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English Online. Every child literate - a shared responsibility.
Ministry of Education.

High expectations and goal setting



I got the unique opportunity to teach English to year 9 bilingual students. And we've got a real unique mix in there, which is awesome. Really creative class, very capable class. And what I've seen with them so far is an energy and a willingness to give things a go. So within it is a fairly broad range of ability. I've got students with a reading age of around eight, right up to students who are reading at 15 and 16. And the writing is at a similar sort of level as well with comprehension. So, yeah, I need to differentiate. I can't get up the front and try and do the same thing with everyone. And the main outcome I see is it makes things a bit more manageable for students. Helps build up students' confidence when they know that the task ahead of them is challenging, but ultimately doable. Whereas times I haven't use differentiation, the top students often they'll get bored with it. Middle students find it easy. The ones down the bottom well, they're gonna really struggle. So it's an absolute necessity for the kind of class I have.

Student 1:
The teacher writes that I need to learn... practice on my grammar and spelling, so that I can be an A-star student.

Now the aim why we're doing this... is this, I want you to show improvement, that means you're getting better. Ka pai. To be gaining marks and a level above your current level. Right. You're at a level, and we need to raise that level up.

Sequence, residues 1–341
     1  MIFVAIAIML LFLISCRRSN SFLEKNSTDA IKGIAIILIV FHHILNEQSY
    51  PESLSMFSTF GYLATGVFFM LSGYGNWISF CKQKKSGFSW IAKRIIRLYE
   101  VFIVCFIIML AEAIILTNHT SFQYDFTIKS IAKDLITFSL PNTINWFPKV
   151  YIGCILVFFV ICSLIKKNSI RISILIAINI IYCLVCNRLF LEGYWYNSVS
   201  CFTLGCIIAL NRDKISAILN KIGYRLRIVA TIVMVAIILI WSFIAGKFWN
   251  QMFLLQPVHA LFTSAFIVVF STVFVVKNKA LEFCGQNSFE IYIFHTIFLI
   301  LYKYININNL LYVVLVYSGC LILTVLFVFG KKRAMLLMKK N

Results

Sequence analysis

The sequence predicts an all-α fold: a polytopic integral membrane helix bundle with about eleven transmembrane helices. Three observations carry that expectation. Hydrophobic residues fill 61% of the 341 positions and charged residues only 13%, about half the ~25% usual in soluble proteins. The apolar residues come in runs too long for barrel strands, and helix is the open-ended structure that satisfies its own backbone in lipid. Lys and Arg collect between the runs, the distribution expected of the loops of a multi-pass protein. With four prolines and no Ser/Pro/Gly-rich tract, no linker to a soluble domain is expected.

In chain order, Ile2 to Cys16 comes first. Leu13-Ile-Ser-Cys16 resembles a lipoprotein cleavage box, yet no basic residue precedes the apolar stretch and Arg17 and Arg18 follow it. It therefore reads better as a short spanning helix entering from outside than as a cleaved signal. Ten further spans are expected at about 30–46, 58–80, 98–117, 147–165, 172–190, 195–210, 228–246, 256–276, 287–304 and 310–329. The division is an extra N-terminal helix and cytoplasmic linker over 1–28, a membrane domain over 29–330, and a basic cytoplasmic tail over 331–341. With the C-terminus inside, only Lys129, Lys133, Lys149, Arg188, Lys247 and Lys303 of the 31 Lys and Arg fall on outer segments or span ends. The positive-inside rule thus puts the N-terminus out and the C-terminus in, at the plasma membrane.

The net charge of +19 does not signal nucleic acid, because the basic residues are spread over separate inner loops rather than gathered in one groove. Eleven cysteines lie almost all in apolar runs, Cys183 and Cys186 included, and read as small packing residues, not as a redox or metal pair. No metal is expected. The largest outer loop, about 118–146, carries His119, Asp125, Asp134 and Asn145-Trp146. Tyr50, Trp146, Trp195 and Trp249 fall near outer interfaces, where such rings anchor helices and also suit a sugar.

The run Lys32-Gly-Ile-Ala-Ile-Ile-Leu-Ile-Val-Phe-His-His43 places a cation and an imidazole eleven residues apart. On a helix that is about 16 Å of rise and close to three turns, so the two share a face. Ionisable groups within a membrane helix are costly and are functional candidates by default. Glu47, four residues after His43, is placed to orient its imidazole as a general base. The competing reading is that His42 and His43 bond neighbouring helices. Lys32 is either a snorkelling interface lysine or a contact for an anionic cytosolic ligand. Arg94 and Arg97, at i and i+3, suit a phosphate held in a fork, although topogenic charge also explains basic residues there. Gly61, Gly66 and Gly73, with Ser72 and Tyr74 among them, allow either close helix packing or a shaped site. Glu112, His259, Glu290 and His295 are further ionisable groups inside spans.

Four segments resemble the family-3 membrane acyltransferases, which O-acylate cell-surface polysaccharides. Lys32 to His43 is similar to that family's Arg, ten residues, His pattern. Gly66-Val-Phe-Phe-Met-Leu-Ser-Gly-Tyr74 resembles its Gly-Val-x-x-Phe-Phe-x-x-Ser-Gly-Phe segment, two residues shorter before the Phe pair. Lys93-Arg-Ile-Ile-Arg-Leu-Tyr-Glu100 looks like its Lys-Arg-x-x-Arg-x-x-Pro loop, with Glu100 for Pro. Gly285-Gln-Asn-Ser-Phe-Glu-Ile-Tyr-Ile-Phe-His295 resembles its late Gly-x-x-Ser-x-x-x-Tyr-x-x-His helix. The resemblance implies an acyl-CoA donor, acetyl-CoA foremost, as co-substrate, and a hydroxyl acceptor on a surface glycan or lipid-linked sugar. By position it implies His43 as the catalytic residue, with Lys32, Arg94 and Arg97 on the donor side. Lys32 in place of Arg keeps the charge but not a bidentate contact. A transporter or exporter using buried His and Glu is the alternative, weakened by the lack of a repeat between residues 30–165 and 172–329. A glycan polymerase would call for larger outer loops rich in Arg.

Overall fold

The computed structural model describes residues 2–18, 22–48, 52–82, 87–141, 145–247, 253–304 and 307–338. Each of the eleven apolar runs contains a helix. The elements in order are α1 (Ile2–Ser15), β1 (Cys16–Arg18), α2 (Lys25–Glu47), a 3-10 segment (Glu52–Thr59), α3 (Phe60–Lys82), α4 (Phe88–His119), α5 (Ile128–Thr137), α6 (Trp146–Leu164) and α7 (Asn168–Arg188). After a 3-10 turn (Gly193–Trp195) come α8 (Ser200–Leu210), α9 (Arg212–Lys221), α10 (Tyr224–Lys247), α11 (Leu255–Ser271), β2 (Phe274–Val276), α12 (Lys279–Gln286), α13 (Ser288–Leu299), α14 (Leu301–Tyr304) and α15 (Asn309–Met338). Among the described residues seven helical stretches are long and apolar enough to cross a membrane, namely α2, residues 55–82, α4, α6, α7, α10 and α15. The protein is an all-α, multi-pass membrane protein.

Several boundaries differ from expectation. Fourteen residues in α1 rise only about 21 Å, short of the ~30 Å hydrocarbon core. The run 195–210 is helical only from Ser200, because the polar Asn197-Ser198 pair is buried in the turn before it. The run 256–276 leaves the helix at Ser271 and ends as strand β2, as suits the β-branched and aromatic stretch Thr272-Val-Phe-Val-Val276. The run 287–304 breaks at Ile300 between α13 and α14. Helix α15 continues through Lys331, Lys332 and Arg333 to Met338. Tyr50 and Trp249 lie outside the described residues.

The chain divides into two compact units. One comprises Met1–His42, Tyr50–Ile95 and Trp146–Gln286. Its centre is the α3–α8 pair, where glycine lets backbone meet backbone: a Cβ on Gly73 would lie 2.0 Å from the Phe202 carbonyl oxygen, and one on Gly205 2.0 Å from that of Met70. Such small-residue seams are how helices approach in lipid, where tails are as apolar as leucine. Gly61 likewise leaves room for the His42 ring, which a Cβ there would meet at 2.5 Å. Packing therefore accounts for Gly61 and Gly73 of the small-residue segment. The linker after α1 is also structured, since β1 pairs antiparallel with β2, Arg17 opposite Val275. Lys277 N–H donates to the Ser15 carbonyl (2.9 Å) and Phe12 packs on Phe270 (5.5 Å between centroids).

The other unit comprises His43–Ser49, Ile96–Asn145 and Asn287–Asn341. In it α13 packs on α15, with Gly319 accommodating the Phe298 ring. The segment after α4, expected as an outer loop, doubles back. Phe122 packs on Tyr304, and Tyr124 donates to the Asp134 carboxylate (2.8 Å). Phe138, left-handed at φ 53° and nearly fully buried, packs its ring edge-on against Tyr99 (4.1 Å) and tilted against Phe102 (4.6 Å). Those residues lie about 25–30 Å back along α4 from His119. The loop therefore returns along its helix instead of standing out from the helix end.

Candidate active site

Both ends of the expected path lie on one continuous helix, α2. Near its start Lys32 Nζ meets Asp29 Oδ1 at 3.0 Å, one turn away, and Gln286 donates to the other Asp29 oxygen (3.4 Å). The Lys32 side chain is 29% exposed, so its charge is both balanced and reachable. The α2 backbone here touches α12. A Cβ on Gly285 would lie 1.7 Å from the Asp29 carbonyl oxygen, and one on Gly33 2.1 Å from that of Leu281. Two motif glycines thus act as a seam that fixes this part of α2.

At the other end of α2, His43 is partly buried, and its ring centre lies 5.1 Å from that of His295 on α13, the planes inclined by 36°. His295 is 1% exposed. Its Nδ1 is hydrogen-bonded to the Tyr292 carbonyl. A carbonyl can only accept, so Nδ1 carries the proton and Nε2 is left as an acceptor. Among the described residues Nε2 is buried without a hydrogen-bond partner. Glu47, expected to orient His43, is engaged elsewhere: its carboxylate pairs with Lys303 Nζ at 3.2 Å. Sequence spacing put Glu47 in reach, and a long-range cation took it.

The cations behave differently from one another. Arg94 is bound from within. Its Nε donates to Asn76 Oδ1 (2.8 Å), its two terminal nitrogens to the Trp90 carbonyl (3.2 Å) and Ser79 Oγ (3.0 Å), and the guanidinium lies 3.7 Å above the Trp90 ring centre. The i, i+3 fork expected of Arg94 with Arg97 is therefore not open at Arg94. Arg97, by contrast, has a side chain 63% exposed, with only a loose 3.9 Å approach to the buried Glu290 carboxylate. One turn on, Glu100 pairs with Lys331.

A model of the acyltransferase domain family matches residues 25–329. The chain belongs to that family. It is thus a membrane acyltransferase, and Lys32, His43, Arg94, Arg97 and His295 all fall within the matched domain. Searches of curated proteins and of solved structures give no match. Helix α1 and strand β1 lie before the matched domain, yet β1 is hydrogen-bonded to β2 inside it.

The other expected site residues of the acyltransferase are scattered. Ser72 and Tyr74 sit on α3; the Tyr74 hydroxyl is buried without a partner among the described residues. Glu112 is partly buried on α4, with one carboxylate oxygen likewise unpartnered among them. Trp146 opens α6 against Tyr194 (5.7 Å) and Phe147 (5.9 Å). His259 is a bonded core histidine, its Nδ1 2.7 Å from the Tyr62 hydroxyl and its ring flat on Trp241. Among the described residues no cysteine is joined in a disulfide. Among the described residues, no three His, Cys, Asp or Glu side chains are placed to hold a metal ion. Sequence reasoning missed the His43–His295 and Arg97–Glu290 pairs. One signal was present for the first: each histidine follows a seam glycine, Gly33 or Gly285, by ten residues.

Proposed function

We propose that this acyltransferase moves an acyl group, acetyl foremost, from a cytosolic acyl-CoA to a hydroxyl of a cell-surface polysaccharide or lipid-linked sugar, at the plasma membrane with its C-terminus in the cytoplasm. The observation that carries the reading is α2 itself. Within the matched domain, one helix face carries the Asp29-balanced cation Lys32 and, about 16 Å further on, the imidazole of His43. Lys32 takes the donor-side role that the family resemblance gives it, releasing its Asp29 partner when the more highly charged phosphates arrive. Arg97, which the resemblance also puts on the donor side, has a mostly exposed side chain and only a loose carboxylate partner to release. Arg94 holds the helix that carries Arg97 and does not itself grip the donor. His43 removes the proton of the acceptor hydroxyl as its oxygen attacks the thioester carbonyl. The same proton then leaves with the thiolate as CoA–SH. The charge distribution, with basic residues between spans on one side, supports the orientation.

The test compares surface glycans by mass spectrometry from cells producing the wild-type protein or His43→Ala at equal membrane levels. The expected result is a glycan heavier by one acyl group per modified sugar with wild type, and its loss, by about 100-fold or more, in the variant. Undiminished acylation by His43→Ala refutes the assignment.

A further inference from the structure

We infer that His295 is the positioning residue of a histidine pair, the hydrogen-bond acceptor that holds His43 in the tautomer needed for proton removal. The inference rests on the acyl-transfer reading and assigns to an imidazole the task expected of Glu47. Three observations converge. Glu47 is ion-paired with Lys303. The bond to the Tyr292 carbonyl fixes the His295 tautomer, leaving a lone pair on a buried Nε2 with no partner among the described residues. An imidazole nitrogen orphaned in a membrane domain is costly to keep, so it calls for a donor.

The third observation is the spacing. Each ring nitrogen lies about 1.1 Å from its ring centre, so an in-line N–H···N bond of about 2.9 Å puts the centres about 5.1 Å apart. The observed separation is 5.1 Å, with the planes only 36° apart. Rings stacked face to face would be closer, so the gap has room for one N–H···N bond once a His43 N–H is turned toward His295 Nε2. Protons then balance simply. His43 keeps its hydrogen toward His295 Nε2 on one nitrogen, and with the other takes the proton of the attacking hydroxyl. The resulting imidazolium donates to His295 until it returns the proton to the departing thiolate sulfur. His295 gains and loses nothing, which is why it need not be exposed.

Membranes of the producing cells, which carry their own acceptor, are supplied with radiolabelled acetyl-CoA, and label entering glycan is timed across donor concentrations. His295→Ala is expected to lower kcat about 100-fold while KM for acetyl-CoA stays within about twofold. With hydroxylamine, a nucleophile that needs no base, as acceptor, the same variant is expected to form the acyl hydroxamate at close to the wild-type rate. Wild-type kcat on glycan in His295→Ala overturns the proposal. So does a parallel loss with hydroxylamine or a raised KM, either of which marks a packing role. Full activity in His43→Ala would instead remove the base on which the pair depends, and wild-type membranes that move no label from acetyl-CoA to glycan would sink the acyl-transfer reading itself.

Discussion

The areas we're going to focus on are ideas, development, structure, terms or language features, and then accuracy. Ka pai? We can have a quick look through that.

Paetae means what? Achieve. Kaiaka therefore means? Merit. And kairangi is? Excellence. Ka pai.

Student 2:
What do those mean?

Student 3:
Paetae means you've got lots of ideas, like, really good ideas but it needs developing. Like, you've got some examples but no paragraphs. And you just need to work on some of your spelling and grammar and punctuation. Merit, kaiaka, your ideas are really clear, but your examples lack in detail, so you need to put more detail in. You've still got some 'there is' there. But excellence. That's where it's nice and clear. It's persuasive. Good examples used. There's one main idea per paragraph, so you're really detailed in your work. So there's not much errors.

So which one are you going to go for?

Student 4:
Probably excellence because last time Matua told me that I have to improve on my punctuation.

So one way to ensure that students know where they're at is we hold regular assessments. It might be written, it might be reading, it might be just a quiz. Anything like that. And that way I can feed back to them exactly what they need to work on, but also the level that they're aiming for. I don't say you're a level two or you're a level six, but what I will say is, you need to work on, say, paragraphing. And I get all this from our rubric, I get all this from our explicit level two to level six diagram. So all that feedback, I give that feedback orally. I write into their books. Any marking sheets they get, they stay with them in their books as well, so they can see it as well. But a student should know exactly what they need to be working on at any given time, any given assessment.

back to Hama's class - focusing inquiry

Published on: 29 Oct 2012